Books by Veronica Black

A VOW OF ADORATION by Veronica Black
Released: Jan. 15, 1998

A ninth excursion into England's Cornwall, where the tiny Order of the Sisters of Compassion struggles to make ends meet and the Order's Sister Joan keeps getting involved in local police concerns (A Vow of Poverty, 1996, etc.). Walking one day into the empty schoolhouse on the moors where she'd once taught, Sister Joan finds the body of a man—his pockets empty of any identification. She calls the police station from a nearby dwelling where the friendly Mrs. Rufus keeps house for antiques dealer Michael Peter. The coroner pronounces the stranger's death a heart attack, and the case is closed. Meanwhile, Sister Joan has been approached by Caroline Hayes, a distraught young woman looking for her sister Crystal, recently married to Michael Peter. She and her invalid father were not invited to the wedding and haven't heard from Crystal in two months. Sister Joan, in conversation with Mrs. Rufus, was told that Crystal and her family were traveling on the Continent, an account confirmed by Michael Peter when Sister Joan visits his shop in town. In another foray to the Peter residence, Sister Joan uncovers hidden identification papers carrying the name of Crystal's father, purported by Caroline to be in the hospital. A robbery at Peter's house; Caroline's disappearance; a suitcase full of women's clothing found on a railway embankment; and a seemingly senseless murder lead our heroine to the bizarre scene where the even more bizarre answers to her questions are to be found. An exasperating jumble of convent routine, mini-sermons, contrivance, and coincidence. Strictly for Sister Joan's faithful fans. Read full book review >
A VOW OF POVERTY by Veronica Black
Released: Nov. 14, 1996

An eighth round of dire happenings in England's minuscule religious order, the Daughters of Compassion, where plucky Sister Joan is again caught up in a series of calamities and is again acting as aide to Detective Sergeant Alan Mill (A Vow of Fidelity, p. 99, etc.). Sister Joan has been assigned by Prioress Dorothy to clear out the attic storerooms of the convent building, home for centuries to the wealthy Tarquin family and bought for a song from the estate of Sir Robert Tarquin—a punishment, according to gossip, for his ne'er-do-well son Grant, who was left little but a small house in the village. Grant, an accident victim abroad, lies next to his father in the abbey tombs. Or does he? Following up on a circular left at the convent, offering to buy scrap and old silver, Sister Joan meets answering service worker Jane Sinclair, who has never seen the man whose name is on the circular but who's much interested in a Tarquin family album borrowed from her landlady. Days later, Jane is found strangled. A second strangling victim is young Jeb, a squatter in Grant's empty house. In Sister Joan's mind, the identity of the killer is never in doubt— confirmed by her discovery of a third body in the convent attics, the results of a long overdue exhumation order, and a final confrontation with the unsurprising killer. The usual overload of convent routine and ritual; lots of sinister lurking figures, but little suspense in a plot that edges into sheer silliness with a common-sensedefying sacrificial gesture to wind it up. The weakest link to date in this modestly diverting chain. Read full book review >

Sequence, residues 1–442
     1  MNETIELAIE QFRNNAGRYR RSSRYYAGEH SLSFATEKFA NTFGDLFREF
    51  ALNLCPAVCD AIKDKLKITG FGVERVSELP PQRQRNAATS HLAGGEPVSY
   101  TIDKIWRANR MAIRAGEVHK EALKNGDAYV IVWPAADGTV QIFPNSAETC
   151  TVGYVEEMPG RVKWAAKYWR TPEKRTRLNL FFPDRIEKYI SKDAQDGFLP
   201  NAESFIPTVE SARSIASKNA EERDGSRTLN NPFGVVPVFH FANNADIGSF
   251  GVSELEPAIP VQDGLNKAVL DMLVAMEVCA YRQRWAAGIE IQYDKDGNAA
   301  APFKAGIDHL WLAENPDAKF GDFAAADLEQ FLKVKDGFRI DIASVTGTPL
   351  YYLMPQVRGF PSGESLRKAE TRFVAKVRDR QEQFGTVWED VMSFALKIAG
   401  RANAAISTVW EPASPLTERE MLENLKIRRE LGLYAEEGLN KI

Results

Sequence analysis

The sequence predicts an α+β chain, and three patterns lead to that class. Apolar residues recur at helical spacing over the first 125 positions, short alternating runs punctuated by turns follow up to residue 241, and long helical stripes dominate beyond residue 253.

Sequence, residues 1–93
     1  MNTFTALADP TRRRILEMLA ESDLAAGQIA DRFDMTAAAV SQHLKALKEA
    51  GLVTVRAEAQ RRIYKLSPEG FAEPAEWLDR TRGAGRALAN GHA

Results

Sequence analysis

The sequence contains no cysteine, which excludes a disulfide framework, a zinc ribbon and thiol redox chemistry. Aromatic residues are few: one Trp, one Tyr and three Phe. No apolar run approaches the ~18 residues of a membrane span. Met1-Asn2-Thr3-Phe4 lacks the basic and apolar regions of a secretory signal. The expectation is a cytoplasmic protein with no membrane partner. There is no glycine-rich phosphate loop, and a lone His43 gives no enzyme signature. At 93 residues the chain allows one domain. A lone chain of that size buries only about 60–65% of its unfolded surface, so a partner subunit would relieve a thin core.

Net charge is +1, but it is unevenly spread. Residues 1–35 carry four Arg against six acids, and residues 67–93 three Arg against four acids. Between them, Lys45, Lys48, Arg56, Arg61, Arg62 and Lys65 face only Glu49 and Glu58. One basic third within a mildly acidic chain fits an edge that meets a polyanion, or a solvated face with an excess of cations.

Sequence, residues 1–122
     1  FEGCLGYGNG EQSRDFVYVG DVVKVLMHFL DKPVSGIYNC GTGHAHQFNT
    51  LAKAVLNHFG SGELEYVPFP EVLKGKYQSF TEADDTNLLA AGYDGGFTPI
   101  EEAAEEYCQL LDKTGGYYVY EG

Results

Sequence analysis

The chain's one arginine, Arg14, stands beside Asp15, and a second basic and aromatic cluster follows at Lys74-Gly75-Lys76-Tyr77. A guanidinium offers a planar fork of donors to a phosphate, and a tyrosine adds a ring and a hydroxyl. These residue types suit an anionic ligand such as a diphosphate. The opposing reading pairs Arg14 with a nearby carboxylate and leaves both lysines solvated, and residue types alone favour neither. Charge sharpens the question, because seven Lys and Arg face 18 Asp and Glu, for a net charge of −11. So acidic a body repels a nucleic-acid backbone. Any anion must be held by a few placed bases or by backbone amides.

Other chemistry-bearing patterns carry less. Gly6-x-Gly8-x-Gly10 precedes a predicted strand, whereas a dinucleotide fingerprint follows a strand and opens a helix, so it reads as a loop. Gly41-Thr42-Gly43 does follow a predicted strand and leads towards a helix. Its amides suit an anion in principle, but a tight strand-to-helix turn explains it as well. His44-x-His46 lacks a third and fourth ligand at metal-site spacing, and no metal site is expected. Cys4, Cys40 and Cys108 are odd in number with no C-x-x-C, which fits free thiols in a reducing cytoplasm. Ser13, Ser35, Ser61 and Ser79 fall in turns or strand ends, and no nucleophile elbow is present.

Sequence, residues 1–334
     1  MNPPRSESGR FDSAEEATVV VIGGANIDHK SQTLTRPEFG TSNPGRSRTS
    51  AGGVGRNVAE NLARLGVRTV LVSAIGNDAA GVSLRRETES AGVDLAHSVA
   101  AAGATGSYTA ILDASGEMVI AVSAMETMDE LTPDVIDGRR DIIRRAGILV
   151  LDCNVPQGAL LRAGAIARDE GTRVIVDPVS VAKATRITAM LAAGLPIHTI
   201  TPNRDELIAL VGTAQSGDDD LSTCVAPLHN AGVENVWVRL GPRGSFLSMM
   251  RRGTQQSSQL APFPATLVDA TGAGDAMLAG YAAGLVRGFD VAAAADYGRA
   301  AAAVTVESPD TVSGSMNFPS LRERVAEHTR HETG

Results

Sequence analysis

A VOW OF FIDELITY by Veronica Black
Released: March 7, 1996

Sister Joan, of the tiny Order of the Daughters of Compassion in Cornwall, faces the most personal of her forays into crime- solving (A Vow of Devotion, 1995, etc.). A photograph received in the mail, with no sender noted, of her first-year art class, reminds Sister Joan that the group of ten had promised to reunite in 20 years, at Westminster Abbey—the date just a few days hence. Permission granted, she heads for London to meet the others: quiet Dodie Mason, married to engineer Colin, mother of two; bubbly Fiona, still a beauty, still unattached; Barbara Ford, then a nonentity, now an elegant career woman recently returned from New Zealand; buxom Serena, two divorces later, still living on Daddy's fortune. Two men have turned up also—handsome Derek Smith, whose wife Sally died three years before in a fall, and Paul Vance, who seems to have turned from straight to gay over the years. Missing is Bryan Grimes, killed in a hit and run, and Serge Roskoff, dead of a drug overdose—his pathetic young girlfriend later found dead, her throat slit. A lot of mortality for a small group of youngish people, Sister Joan muses as she awaits the group for a week's retreat at the convent. But that's not the half of it, Sister Joan will discover, as falsehoods are uncovered, domestic lives laid bare, old crimes revealed and new ones committed. The lean narrative and vivid sense of menace are undermined, in the end, by some clunky plot and contrivances of character, but it's an intriguing puzzle a good part of the way. Read full book review >
A VOW OF DEVOTION by Veronica Black
Released: July 13, 1995

The serenity of Cornwall's Convent of the Daughter of Compassion is being threatened by disquieting events that seem to have begun with the arrival of Bernadette Fawkes and Magdalen Cole. These two young women are on an extended visit to the convent, trying to decide if they want to join the order, while Mother Dorothy, the prioress, will judge if they're suited to the nun's life. Other new arrivals on the scene are Brother Cuthbert from Scotland, living as a hermit in the old schoolhouse, and an encampment of New Age travelers a few miles away. Thoughtful, spunky Sister Joan finds the convent's visitors mostly eager and complaisant, but Magdalen seems fearful, and one day Sister Joan discovers a flick knife in her possession. A string of single red roses found in odd places and sightings of an ominous bat-like figure add to an uneasiness climaxed by the bludgeoning death of postulant Sister Elizabeth. Sturdy, troubled Detective Sergeant Mill does his best, but it's Sister Joan who ferrets out the culprit and the crime's underlying motive. The tedious chronicle of daily convent routine and the usual bland characters remain unchanged, but, here, plot and motivation are livelier and more intriguing than others in the series (A Vow of Penance, 1994, etc.). For readers who like their mayhem easy, quiet, and polite. Read full book review >
A VOW OF PENANCE by Veronica Black
Released: Aug. 15, 1994